I had been using an internally build of a VSTS 2010 Beta 1 virtual environment for quite awhile so I never installed the Beta 1 bits myself. Recently, my external hard drive decided it was going to start have some issues, and that eventually lead to the corruption of my virtual image. I needed to get a new image online so that I could continue to do demos for my customers as well as continue to test out the product.
I had been told by several colleagues that TFS 2010 installs a lot faster than previous version. Having done a number of TFS 2005 installations which took an average of 4 hours from beginning to end, it was nice to see that a TFS 2008 installation process was a bit faster…by 30 minutes (not that much faster). So when they said it install a lot faster…let’s just say I didn’t hold my breath.
When I say “beginning to end,” I’m talking about installing Windows (and configuring it), SQL Server (and configuring it), and TFS. Installing Windows and SQL Server pretty much take the same amount of time regardless of which version of TFS you’re planning to install.
Unlike installing TFS 2008, TFS 2010 is designed to work with Windows Server 2008 and SQL Server 2008 from the start. With TFS 2008, you could use Windows Server 2003 or 2008 and SQL Server 2005 or 2008. The caveat with SQL Server 2008 is that in order to get TFS 2008 to install properly on a single-server instance with SQL Server 2008, you need to create a new TFS 2008 install disc with TFS 2008 SP1 slipstreamed into the bits.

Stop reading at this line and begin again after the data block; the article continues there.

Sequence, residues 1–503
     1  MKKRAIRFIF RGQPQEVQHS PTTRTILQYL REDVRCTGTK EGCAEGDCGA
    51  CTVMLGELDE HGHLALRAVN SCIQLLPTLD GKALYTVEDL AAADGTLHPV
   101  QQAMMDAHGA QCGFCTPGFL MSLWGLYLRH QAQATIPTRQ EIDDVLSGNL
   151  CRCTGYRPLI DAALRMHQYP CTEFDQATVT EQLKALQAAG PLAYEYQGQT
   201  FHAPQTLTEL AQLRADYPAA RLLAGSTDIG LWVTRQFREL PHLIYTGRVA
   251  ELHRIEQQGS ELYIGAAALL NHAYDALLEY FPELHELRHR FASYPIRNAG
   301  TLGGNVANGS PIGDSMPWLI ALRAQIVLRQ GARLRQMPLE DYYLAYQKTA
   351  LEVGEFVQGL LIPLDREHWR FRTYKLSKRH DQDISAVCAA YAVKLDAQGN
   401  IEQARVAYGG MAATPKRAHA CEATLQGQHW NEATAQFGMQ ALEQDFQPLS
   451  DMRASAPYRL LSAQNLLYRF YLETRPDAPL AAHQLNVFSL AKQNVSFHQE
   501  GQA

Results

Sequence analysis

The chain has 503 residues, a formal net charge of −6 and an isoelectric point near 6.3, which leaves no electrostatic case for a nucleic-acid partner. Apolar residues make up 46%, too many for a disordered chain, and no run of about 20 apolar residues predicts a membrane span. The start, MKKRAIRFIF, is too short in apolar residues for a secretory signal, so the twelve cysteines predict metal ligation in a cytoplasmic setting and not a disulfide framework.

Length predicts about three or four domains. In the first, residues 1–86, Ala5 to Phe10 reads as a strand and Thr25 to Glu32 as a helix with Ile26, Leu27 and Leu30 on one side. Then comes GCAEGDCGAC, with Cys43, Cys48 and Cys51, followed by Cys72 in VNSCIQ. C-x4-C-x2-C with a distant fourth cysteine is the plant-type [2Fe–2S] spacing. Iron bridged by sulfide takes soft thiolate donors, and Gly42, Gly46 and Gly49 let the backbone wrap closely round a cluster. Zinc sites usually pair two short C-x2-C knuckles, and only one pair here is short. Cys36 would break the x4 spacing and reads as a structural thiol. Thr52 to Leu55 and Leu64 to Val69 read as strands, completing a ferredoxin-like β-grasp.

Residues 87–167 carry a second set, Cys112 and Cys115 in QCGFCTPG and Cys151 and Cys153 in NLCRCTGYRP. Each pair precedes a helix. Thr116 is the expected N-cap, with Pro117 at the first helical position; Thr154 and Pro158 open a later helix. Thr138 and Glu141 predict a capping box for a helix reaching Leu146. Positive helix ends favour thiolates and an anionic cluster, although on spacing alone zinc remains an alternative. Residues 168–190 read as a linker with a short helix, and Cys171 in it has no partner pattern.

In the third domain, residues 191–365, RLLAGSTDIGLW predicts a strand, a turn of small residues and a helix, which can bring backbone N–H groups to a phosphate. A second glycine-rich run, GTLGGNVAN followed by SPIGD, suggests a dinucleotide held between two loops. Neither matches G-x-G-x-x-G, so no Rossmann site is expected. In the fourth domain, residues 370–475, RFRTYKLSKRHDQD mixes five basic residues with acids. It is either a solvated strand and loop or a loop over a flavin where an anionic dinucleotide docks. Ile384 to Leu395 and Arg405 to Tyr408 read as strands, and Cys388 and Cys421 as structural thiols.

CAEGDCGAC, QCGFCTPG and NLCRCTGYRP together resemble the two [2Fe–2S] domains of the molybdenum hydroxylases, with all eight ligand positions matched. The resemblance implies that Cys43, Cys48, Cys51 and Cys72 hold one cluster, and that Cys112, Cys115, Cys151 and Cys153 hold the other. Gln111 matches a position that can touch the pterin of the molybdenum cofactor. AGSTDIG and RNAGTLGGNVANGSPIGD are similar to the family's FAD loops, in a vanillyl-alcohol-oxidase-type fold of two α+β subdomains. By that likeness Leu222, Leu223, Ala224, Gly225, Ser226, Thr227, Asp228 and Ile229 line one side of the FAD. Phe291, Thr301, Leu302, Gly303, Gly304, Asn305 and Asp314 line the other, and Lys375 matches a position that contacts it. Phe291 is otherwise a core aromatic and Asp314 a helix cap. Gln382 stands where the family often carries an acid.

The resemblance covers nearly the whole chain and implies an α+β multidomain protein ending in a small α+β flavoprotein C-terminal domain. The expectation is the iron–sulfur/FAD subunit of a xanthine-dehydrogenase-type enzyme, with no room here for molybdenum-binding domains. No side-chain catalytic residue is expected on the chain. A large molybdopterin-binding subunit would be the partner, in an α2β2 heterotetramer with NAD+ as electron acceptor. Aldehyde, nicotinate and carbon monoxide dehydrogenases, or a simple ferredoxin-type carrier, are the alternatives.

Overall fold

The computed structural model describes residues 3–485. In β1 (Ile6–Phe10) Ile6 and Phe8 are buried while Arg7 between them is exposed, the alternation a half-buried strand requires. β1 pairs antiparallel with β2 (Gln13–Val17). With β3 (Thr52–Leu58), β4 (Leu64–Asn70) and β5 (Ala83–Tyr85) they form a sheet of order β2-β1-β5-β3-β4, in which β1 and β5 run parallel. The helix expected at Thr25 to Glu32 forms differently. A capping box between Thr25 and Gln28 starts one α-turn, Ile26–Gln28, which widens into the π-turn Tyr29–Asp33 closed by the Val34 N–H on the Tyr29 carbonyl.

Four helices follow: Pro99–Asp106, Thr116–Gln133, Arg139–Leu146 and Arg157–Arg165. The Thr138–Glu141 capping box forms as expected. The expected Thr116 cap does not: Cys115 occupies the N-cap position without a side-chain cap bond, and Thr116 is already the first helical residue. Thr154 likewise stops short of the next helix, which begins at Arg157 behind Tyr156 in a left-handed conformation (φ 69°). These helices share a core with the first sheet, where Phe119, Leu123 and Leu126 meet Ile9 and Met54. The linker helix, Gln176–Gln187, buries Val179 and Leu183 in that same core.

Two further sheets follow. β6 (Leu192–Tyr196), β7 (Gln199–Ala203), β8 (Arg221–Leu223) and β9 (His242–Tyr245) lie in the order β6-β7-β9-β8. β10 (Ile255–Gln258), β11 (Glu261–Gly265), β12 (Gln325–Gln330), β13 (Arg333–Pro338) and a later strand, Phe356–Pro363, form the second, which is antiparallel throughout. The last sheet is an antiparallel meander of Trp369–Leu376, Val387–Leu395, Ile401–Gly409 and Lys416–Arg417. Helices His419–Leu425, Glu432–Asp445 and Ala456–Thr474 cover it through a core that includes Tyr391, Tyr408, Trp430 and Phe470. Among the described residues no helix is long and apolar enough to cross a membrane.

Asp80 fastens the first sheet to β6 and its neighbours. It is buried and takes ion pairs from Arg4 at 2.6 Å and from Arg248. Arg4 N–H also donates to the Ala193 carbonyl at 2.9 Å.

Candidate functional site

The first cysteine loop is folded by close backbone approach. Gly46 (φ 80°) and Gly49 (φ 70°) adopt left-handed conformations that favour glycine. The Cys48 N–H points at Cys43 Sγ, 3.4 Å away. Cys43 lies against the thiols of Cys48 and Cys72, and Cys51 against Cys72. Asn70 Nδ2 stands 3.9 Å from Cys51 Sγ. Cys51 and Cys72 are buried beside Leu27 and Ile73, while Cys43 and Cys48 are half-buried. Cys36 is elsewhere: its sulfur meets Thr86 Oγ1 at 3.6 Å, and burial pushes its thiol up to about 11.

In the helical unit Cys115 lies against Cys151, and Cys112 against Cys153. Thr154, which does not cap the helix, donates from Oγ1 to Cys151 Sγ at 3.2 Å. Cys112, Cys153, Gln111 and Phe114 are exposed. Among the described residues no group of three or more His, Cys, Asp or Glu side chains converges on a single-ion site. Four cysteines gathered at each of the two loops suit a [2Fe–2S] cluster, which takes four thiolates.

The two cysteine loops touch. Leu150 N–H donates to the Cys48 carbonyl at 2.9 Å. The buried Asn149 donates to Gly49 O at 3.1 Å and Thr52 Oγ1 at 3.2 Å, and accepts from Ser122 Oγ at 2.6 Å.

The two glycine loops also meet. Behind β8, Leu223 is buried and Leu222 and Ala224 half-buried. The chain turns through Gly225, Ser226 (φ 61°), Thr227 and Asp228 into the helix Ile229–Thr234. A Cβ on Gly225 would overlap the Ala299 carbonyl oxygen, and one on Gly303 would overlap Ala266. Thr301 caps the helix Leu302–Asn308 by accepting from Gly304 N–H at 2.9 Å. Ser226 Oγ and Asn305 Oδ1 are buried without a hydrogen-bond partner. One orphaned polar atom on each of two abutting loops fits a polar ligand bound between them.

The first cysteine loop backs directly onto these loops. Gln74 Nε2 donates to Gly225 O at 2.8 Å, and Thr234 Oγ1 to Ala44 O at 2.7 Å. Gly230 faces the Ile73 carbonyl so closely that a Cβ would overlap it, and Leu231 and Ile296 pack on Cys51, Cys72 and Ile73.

So once you get Windows, IIS, and SQL Server installed per the instructions in the TFS Install help file, you’re ready to go install TFS. One thing that’s really nice about the installer is that it does a pre-installation scan of your system to make sure it has all the information you need up front to do the installation. No more multi-wizard screens prompting you for information each step of the way only to realize either you pressed Next too fast and missed a step or you didn’t have all the information you need to install, like the user accounts to execute the reports and services and in which you’d have to abort the install all together.
Also, during the installation, you can have TFS configure Windows SharePoint Services (WSS) or not. That’s right…not! In TFS 2008, you’d have to install WSS or point the installation which Microsoft Office SharePoint Server (MOSS) you wanted to use. With TFS 2010, if you don’t install WSS, you’re not required to use MOSS, because you have the option when you create your Team Project to use either your default WSS instance, MOSS environment, or not setup a team site at all (see picture). This may change when TF2010 ships, but as of now, this is how it works right now.
The Install Help file doesn’t take you all over the place for one part of the information and then force to click back just to click on another link for more information. No hyperlink-hell. Overall, the experience setting up TFS 2010 a lot more straight forward than previous releases and painless. I’ll revisit the installation process when Beta 2 becomes available.
Until next time…